Everyone deserves to eat what they want without being put down. We have to stop mocking people who try alternative ways feel better. There are people who don’t have chronic illness who follow a special diet and the reasons are still valid—such as losing weight, gaining energy, and feeling better about themselves. Someday not so far in the future, no one will be on a restricted diet, because everyone will be.
I love lighthearted fun and joking around, but it’s time to take this one off the table.
Opinions expressed by contributors are their own.
Kerry J. Heckman authors the wellness and lifestyle blog Body Mind Lyme. Kerry was [finally] diagnosed with chronic Lyme disease in 2016, her journey with invisible illness began over 10 years prior.
The repetitiveness of living with Lyme disease can feel like Groundhog Day, over and over again.
When I was studying in France, I had dinner with my landlady on Groundhog Day. Except, as I describe in my memoir Et Voilà, “there are no groundhogs in France, so February 2nd is instead marked by a national celebration of crêpes.” As we sat down to a decadent meal of savory and sweet crêpes, I tried to explain to my landlady the tradition of Punxsutawney Phil. She gave me a look that said, you must just sound crazy because you don’t speak French well.
Now that I am fluent in another language—Lyme disease—I have similar trouble explaining myself. Because so many of our symptoms are interior, Lymies have difficulty getting healthy people to understand how we’re feeling. One aspect that’s particularly tough to communicate is the repetitiveness of the disease: days that roll into one; daily medication routines; obsessive thoughts; word and song iteration. Lymies tend to feel like Bill Murray in the movie Groundhog Day, when his character discovers he is stuck living the same day over and over.
Unfortunately, our problems don’t resolve in the span of a two-hour movie. Instead, we find ourselves playing out the same scenes day in and day out. When I was at my sickest, I’d go to bed hoping I’d feel a little better in the morning, and wake up feeling either exactly the same, or worse. Because of Herxheimer reactions and the ebb and flow of Lyme treatment, the worse-before-better phenomenon became frustratingly common. With each new day, I didn’t know if I’d move forward, stay put or take two steps back. Rarely did I take a step forward, and even when I did, it would be quickly followed by one or more steps back.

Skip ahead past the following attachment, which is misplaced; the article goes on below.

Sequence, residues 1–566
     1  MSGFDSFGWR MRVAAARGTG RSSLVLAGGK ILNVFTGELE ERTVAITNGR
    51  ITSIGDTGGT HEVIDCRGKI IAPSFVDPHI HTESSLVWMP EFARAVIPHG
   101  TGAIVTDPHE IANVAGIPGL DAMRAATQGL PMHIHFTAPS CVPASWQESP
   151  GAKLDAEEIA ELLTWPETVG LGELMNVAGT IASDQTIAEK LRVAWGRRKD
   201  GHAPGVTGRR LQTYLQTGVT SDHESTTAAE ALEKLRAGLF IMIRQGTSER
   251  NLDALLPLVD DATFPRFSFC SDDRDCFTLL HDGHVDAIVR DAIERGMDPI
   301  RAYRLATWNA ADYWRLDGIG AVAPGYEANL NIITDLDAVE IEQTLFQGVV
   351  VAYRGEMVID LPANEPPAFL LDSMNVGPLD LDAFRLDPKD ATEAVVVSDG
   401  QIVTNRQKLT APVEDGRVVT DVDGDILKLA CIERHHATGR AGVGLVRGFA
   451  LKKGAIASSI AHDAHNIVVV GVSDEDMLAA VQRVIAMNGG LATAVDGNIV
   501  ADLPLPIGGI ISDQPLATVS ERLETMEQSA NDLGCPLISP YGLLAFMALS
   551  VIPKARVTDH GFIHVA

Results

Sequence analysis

Most days I’d wake up feeling like I hadn’t slept. Sometimes I was exhausted from eight or more hours of harrowing nightmares. I’d want to roll over and go back to sleep, but couldn’t. I had to stick to a very specific medication routine. Each morning I’d attach a bolus of antibiotics to my Peripherally Inserted Central Catheter (PICC line) and watch it drip for an hour while I ate breakfast. Due to dietary restrictions, that breakfast didn’t vary much. Afterwards I’d swallow at least ten pills of various shapes, sizes, and colors, then eat a spoonful of peanut butter, the fatty food necessary to absorb a glowing anti-malarial syrup often referred to as “liquid gold”.
After breakfast I’d try to send a few emails, though that was dependent on how stiff my fingers were and how thick my brain fog. Some days I could write paragraphs, and eventually wrote pages of my book. Other days I couldn’t type or hold a pen, and couldn’t concentrate on even one sentence. On those mornings I’d retreat back to bed, sometimes dozing off but often just lying there, listening to the clock tick.
This went on until lunch, when I’d break for another meal and more pills, and then I’d try again, often unsuccessfully, to nap in the afternoon. I’d get up in the evening when my family came home and would try to sit at the table long enough to hear about their days, which had variety. They did different things at work and school. They had meetings in different locations. They had coffee with different people. They meant well when they asked me, “And how was your day?” but the question made me cringe, because I always gave the exact same report. After awhile, I was able to drive myself to appointments, meet friends for lunch, and tutor high school students in French. But for a long time—years—my days were very, very quiet.
That’s not to say my brain was quiet. Though I didn’t give it much fodder since I couldn’t read, watch TV, or focus on audiobooks or music, the spirochetes in my head latched onto a time my brain could do all those things. Each day I’d wake up with a song in my head. There was no rhyme or reason to which song my brain picked; when I woke up it was just there, playing over and over and over as a perpetual soundtrack for the day.
Everyone knows how annoying it is to have a song stuck in your head. But imagine what it’s like when you’re bedridden and can’t go out into the world and do something to make you forget the song. Imagine what it’s like when your head already feels like its filled with molasses, when you are exhausted but can’t sleep, when you have nothing to do but lie there and “listen”.
Sometimes, it wasn’t just one song. As the day went on my brain would add to its repertoire, so that I’d have three or four tunes playing at once. This cacophonous mashup made me want to shake my head and scream.
It wasn’t just songs that were stuck in my head, either. Ideas played on repeat, too. Many Lymies describe having obsessive thoughts. For me, it was like I had a voice in my head narrating lines from my book or reactions to conversations I was a part of. It would read those lines again and again. The needle in my head was stuck. My world was not quiet; it was maddeningly repetitive.
Now that I’m in remission, I can tell when I’m having a flare-up, because I start thinking of everything twice. It’s not a conscious choice. It’s just the place my brain goes when its overtired. That’s a sign for me to rest, to have a neurofeedback session, to get some cranial sacral therapy. No matter how well I’m doing, I still always have a song in my head. Always. Right now it’s “Payphone” by Maroon 5. I’m not at a payphone—haven’t used one in years, in fact—but that’s where my brain is. Luckily, my daily songs play in the background now, because so much living is happening in the foreground. The songs and the occasional word iteration are bearable, because in general, I am taking daily steps forward. I am even back to eating (gluten-free) crêpes.